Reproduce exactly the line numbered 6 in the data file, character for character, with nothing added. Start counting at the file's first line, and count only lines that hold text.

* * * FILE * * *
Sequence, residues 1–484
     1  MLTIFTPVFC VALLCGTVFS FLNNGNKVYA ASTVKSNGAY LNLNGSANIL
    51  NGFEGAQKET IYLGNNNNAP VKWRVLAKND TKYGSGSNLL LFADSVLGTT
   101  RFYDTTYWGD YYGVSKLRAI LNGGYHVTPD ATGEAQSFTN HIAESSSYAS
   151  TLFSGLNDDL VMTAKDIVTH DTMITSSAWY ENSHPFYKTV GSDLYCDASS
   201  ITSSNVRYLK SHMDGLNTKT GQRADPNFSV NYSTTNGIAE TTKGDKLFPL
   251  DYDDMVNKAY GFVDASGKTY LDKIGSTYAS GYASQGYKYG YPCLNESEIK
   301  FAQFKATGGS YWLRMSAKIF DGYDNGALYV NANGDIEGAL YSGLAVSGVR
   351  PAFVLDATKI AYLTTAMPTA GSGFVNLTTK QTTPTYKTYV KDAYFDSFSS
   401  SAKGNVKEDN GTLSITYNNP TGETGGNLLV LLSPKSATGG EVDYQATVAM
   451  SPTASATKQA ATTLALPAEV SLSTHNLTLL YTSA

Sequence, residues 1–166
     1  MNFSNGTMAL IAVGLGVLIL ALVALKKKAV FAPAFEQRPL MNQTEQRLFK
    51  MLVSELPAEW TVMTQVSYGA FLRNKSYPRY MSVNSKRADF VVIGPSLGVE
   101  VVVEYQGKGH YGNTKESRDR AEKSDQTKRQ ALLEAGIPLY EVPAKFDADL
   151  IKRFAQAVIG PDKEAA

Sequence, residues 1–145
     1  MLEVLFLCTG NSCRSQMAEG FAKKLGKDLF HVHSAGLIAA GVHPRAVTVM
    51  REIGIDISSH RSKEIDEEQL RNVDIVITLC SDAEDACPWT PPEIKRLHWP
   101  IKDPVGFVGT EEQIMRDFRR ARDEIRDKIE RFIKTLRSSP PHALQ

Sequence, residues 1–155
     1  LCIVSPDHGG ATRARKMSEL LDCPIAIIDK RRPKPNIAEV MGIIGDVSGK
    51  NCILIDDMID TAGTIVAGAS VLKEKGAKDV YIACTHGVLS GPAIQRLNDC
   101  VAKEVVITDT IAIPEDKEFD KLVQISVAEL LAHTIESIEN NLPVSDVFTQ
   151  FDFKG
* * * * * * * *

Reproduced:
   201  ITSSNVRYLK SHMDGLNTKT GQRADPNFSV NYSTTNGIAE TTKGDKLFPL